Two Buddhists arrested after Muslim shops wrecked in Kachin state
Buddhists held in northern state of Kachin for attack on Muslim-owned shop
Agence France-Presse in Yangon
Two Buddhists have been arrested after Muslim shops were destroyed in Myanmar's northern state of Kachin, police said yesterday, in a new outbreak of religious violence.
Myanmar is in the grip of acute religious tension after a deadly wave of unrest in March that saw monks and Buddhist mobs attack Muslim areas in violence that has edged towards the country's main city, Yangon.
But it is the first time similar violence has been reported in the majority-Christian Kachin state, which is also home to a patchwork of ethnic and religious groups who have found work in the jade and timber industries.
"We arrested two people at the scene … and are still interrogating them. We will charge them if there is enough evidence," a police official in Kachin state said following the violence.
Bordering southern China, the remote, resource-rich region is locked in a bitter conflict between ethnic Kachin rebels and Myanmar's army.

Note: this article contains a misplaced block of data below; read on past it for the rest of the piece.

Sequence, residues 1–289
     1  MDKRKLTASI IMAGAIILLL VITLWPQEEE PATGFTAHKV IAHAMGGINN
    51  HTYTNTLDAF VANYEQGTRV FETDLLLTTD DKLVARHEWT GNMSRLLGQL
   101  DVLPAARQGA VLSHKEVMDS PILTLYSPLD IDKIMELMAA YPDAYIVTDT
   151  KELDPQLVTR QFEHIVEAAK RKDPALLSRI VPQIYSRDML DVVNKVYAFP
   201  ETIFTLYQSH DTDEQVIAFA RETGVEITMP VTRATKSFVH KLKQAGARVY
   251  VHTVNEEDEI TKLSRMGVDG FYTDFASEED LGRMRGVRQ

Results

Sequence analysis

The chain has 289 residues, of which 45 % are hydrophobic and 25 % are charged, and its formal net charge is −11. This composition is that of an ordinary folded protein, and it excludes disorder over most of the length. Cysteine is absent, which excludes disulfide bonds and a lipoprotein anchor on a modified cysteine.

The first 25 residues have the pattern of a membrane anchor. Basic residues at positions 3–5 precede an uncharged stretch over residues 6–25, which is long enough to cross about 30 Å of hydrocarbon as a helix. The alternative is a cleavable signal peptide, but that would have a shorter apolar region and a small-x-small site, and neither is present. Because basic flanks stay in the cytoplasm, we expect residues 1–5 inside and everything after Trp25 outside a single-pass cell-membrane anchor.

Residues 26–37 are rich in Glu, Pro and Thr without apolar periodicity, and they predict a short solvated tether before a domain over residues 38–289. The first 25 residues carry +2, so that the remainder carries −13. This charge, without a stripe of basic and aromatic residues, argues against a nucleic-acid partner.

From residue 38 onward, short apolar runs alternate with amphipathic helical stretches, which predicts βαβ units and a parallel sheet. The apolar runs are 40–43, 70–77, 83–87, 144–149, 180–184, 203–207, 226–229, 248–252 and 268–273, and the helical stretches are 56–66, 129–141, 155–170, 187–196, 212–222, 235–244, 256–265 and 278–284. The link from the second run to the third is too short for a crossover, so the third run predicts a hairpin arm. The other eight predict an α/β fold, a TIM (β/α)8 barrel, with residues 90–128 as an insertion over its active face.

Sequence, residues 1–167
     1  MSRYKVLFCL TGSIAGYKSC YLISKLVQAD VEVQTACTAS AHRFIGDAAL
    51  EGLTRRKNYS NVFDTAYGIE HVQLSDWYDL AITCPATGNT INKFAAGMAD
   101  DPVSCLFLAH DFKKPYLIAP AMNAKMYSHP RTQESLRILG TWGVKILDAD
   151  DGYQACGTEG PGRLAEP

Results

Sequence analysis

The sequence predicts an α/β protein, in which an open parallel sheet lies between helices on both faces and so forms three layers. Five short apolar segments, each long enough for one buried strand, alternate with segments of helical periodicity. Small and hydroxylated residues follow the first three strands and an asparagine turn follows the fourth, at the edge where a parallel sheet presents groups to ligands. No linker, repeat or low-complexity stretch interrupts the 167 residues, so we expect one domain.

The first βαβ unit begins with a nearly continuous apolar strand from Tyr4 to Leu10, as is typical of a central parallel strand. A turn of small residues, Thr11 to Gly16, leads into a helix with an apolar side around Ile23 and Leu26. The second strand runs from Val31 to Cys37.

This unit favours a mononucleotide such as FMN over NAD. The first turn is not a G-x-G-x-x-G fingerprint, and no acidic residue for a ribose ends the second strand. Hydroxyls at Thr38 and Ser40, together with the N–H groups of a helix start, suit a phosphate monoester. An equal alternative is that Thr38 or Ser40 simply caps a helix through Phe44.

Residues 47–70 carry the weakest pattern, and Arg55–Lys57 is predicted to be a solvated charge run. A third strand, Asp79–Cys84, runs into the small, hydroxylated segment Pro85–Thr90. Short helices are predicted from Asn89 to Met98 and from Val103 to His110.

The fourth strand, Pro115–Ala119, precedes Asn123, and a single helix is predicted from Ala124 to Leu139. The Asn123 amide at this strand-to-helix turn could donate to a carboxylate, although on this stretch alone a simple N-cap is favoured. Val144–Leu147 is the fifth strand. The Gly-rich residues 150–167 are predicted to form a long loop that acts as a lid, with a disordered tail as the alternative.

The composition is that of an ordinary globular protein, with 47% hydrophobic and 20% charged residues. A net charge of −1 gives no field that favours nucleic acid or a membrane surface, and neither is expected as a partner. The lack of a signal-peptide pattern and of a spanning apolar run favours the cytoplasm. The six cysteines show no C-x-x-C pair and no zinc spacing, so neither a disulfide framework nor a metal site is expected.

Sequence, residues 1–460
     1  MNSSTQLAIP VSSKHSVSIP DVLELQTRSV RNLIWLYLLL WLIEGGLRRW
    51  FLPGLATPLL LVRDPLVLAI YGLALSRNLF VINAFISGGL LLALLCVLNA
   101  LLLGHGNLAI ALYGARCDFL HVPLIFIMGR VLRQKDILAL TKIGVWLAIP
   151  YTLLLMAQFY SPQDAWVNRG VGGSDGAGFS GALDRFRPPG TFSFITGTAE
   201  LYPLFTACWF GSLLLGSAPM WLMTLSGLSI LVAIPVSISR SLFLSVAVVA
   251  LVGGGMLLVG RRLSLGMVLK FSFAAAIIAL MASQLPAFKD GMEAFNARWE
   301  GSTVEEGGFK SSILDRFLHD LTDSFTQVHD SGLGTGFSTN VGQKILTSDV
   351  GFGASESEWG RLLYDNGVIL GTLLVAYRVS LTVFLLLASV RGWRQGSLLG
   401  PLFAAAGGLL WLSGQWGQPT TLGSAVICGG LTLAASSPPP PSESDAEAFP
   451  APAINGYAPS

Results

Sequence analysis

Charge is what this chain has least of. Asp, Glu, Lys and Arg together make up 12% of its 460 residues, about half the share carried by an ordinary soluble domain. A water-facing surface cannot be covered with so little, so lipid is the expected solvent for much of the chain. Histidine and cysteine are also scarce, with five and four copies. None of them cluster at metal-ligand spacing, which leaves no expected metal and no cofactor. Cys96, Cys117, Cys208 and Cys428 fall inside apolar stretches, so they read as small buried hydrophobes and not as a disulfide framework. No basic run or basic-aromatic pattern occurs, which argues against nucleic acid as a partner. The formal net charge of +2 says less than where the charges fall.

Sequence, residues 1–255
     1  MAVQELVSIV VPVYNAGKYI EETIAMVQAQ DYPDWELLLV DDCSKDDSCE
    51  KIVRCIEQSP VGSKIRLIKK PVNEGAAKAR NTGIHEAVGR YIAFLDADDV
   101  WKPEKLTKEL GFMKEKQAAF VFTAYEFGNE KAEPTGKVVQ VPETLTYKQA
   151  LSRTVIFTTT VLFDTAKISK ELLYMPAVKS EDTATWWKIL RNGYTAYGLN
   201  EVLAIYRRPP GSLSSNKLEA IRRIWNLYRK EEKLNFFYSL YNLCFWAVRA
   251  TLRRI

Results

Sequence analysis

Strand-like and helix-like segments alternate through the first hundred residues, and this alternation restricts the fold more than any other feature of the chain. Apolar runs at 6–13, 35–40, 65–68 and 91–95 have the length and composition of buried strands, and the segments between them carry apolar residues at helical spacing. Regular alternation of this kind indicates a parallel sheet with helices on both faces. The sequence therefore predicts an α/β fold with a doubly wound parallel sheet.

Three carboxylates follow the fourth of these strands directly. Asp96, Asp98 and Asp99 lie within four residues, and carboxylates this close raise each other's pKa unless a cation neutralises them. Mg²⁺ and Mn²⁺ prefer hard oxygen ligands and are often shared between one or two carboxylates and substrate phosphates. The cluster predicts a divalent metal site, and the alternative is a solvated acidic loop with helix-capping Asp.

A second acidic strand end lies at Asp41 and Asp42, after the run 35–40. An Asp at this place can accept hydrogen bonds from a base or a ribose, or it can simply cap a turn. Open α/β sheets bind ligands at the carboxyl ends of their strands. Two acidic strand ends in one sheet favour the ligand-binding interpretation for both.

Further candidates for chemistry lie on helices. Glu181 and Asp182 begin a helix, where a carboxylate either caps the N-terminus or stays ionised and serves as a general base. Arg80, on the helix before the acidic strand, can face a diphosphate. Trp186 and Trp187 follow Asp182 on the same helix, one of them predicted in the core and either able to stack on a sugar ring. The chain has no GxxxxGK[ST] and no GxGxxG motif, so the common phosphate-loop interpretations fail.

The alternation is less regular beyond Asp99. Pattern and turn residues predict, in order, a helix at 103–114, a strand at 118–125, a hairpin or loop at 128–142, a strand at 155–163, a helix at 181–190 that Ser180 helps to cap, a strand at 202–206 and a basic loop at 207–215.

"About 30 people arrived in the evening and threw stones at our shops and houses," according to Moe Moe Lwin, 46, a Muslim woman from a village in Kachin's Hpakant township. "We couldn't do anything except watch while they destroyed our shop … we will leave for a while. We have no idea how we should move forward," she said, adding she believed outsiders were responsible for the attack.
A Buddhist villager nearby confirmed Muslim shops and houses were destroyed in three places in the area. "We do not want to see this sort of violence. We denounce their act," Tin Soe from a village near Hpakant township said.
A renewed bout of anti-Muslim unrest in Oakkan, around 100 kilometres north of Yangon, on Tuesday left one dead and saw mosques and homes destroyed, raising alarm across the country.
At least 43 people were killed and thousands left homeless in March's flare-up, which was apparently triggered by a quarrel between a Muslim gold shop owner and Buddhist customers in the central town of Meiktila.
Speaking after a visit last week to Meiktila, US ambassador Derek Mitchell urged Myanmar's authorities to do their utmost to prevent further violence and hold the perpetrators accountable.